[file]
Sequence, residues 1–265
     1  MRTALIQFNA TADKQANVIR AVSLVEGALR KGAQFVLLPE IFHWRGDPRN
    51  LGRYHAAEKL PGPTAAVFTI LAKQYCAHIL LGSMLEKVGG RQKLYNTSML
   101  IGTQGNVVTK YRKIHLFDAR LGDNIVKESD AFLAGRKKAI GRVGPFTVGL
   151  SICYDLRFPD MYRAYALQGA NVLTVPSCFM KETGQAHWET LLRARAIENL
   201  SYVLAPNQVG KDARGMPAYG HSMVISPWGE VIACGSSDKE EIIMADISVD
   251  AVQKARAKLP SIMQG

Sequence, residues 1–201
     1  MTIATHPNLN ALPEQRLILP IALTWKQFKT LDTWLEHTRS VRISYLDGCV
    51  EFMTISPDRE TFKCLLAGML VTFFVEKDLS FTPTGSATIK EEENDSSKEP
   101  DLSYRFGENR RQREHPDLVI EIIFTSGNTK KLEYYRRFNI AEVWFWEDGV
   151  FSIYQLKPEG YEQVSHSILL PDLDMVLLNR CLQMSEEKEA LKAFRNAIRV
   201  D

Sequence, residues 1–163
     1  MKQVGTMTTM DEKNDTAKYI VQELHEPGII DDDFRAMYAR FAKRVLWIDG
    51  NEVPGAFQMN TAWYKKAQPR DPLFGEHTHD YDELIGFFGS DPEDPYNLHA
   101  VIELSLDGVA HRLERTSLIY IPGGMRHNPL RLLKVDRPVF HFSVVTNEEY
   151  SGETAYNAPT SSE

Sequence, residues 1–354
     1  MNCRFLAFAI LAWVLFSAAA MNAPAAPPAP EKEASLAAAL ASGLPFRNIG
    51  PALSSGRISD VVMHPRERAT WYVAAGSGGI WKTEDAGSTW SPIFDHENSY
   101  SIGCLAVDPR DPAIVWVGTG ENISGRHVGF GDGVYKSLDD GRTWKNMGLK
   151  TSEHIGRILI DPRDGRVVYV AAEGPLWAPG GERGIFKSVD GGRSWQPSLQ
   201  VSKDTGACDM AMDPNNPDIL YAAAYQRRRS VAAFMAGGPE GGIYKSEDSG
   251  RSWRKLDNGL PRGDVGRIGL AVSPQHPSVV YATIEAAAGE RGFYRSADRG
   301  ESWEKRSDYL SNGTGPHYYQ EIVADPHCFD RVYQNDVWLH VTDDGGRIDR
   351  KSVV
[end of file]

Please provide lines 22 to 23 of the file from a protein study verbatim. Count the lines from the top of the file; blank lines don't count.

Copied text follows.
   101  SIGCLAVDPR DPAIVWVGTG ENISGRHVGF GDGVYKSLDD GRTWKNMGLK
   151  TSEHIGRILI DPRDGRVVYV AAEGPLWAPG GERGIFKSVD GGRSWQPSLQ